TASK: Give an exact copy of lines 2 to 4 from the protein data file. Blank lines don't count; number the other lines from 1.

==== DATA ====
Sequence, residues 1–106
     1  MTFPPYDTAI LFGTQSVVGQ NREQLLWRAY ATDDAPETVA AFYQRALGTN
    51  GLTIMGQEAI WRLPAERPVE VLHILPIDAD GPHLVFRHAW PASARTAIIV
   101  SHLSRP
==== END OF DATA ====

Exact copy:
     1  MTFPPYDTAI LFGTQSVVGQ NREQLLWRAY ATDDAPETVA AFYQRALGTN
    51  GLTIMGQEAI WRLPAERPVE VLHILPIDAD GPHLVFRHAW PASARTAIIV
   101  SHLSRP